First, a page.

6. Repeat steps 1 through 3 for each department that you want to plot. In this example, there are four departments, so you will have twelve named ranges in total. The worksheet should now look similar to Figure 3.

    Figure 3. Named ranges for each axis

    Named ranges for each axis

Creating the Chart Series

Now you can start plotting the bubble chart. Any chart in Excel has a set of series data to plot as does the bubble chart. Each series in the bubble chart is represented by a different color. You use this feature to represent each department in the chart. A series in a bubble chart has four values:

  • Name of the series

  • X-axis range

  • Y-axis range

  • Size of the range

To set up the chart series

  1. Right-click the chart, and then click Select Data.

  2. Under the legend entries, click Add.

  3. For the Series Name box, click the Calculations worksheet, and then click the name of the department.

  4. Next, click cell B1 in the Calculations worksheet. The value Purchase is displayed next to the text box.

  5. To fill in the x-axis for the series, click in the Series X values box, and then press the F3 function key. This displays a dialog box with all the named ranges you have created. Choose the appropriate named range; in this instance, choose PurchaseDeptRisk.

  6. Next, qualify the named range with the name of the Excel worksheet. In this example, qualify it as DynamicBubbleChart.xlsx. Finally the Series X values box should have the value DynamicBubbleChart.xlsx!PurchaseDeptRisk, and the value displayed beside the box should be a range of the x-axis values. For more information, refer to Figure 4.

  7. Repeat step 4 for the Series Y values and Series bubble size boxes by selecting appropriate named ranges.

  8. Repeat steps 1 through 5 for each department that you want to plot a series for.

  9. Now, set up the bubble chart to be a four-quadrant chart. To add the quadrants, first, create the lines in the center. Click the bubble chart, and then, in the Chart Tools group on the ribbon, click the Layout tab.

  10. Next, create the horizontal quadrant line. Click the Axes button, point to Primary Horizontal Axis, and then click More Primary Horizontal Axis Options. In the Format Axis dialog box, select the properties as displayed in Figure 4.

    Figure 4. Format horizontal axis property settings

    Format horizontal axis property settings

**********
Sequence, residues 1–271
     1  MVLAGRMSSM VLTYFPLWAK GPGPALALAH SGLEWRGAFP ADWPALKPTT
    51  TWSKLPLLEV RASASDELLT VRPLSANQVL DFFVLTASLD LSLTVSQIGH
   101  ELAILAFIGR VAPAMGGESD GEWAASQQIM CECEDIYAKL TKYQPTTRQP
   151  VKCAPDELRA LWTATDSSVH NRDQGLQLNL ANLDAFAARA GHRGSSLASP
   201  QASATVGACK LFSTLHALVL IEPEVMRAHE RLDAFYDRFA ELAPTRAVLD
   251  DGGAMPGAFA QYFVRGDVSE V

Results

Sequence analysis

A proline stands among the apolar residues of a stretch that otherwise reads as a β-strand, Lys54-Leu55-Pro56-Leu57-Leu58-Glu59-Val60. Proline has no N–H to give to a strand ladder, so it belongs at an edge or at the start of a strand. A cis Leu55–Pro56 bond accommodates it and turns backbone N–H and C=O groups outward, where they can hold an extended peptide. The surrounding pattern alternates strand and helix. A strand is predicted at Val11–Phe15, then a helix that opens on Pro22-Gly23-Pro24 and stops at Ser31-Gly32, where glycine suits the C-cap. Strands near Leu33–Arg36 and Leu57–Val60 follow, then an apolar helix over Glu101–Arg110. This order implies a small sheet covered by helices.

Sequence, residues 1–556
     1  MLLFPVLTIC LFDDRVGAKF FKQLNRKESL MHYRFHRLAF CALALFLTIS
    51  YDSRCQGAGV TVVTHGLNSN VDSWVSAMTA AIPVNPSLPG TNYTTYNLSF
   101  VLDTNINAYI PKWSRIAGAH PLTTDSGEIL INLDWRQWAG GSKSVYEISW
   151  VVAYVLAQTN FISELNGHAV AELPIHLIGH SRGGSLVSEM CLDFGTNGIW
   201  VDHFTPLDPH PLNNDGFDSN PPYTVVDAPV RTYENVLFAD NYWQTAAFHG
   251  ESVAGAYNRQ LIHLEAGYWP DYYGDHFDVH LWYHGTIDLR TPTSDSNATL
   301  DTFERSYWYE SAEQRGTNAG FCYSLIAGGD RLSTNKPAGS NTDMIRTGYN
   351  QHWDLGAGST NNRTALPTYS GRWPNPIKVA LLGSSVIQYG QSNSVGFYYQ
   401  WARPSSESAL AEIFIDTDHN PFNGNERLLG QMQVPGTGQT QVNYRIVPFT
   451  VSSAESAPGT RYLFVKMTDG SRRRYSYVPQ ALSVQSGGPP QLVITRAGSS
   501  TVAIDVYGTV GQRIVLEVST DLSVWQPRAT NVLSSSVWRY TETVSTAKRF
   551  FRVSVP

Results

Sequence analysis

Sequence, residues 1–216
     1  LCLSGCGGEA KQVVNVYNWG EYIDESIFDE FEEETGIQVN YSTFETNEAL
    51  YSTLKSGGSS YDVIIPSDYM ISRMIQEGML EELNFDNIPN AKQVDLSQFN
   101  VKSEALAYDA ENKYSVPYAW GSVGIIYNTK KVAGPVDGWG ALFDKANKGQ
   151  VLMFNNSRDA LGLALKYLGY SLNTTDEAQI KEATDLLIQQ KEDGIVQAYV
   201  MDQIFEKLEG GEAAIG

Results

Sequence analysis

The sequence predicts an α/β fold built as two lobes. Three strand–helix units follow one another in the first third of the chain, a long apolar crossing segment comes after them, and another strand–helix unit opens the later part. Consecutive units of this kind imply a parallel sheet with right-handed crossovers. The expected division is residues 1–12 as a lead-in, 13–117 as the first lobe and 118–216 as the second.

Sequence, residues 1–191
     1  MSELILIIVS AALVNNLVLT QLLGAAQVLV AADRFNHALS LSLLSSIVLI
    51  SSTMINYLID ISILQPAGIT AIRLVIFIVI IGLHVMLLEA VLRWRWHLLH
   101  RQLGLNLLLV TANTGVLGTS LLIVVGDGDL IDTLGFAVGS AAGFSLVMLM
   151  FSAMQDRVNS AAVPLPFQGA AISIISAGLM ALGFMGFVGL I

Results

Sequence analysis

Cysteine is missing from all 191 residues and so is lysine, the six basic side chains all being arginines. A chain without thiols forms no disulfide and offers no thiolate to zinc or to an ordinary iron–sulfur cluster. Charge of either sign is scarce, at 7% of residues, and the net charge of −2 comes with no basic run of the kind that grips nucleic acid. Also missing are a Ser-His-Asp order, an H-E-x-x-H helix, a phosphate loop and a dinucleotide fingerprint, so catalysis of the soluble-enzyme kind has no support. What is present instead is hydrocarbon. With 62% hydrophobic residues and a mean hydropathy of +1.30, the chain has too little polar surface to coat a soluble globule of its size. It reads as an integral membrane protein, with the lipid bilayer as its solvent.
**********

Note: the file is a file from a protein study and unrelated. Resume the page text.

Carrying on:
11. To create the vertical line in the center, click the Layout tab on the ribbon. Click the Axes button, point to Primary Vertical Axis, and then click More Primary Vertical Axis Options. Select the properties as displayed in Figure 5.

    Figure 5. Format vertical axis property settings

    Format vertical axis property settings

Now the bubble chart should have all the data plotted appropriately, as shown in Figure 6.

Figure 6. Bubble chart with dynamic values

Bubble chart with dynamic values

Putting It All Together

Now that the bubble chart is ready and functional, the remaining step is to name the quadrants. The information displayed by the bubble chart is of immense value for a business portfolio owner running multiple projects in parallel. To add more value to the chart, name the four quadrants in the bubble chart to the following values:

  • Pearls: The top-left quadrant in the bubble chart represents projects that are of immense value. These are the projects that have a high ROI and very low risk associated with them.

  • Oysters: The top-right quadrant represents projects that have a high ROI but are also prone to higher risks.

  • Bread and Butter: The bottom-left quadrant represents projects that have a relatively low ROI and are also less risky to execute. These are usually the most common projects and are usually larger in number and smaller in size and complexity.

  • White Elephants: The bottom-right quadrant represents projects that have a low ROI and are highly prone to risks. These are the projects that are very complex in nature to execute and are not very high on value.

With all the quadrants in place, the Chart worksheet will look similar to Figure 7.

Figure 7. Completed bubble chart with quadrants

Completed Bubble chart with quadrants

You can use the slicer and the PivotTable filters to filter a specific set of projects or departments for comparisons. The bubble chart is then dynamically populated to match the filter criteria. For example, filtering the department value on Finance and Purchase, as shown in Figure 8, dynamically changes the bubble chart.

Figure 8. Bubble chart with filters applied

Bubble chart with filters applied


A bubble chart is a variation of a scatter chart in which the data points are replaced with bubbles. You can use a bubble chart if your data has three data series, each of which contains a set of values. In this article, you saw an example of creating a bubble chart that can be changed dynamically by applying filters. By avoiding the use of macros, you make the chart compatible with Excel Services. Experimenting with the example will provide you with the information you need to create your own charts.

Additional Resources

For more information about the topics discussed in this article, see the following: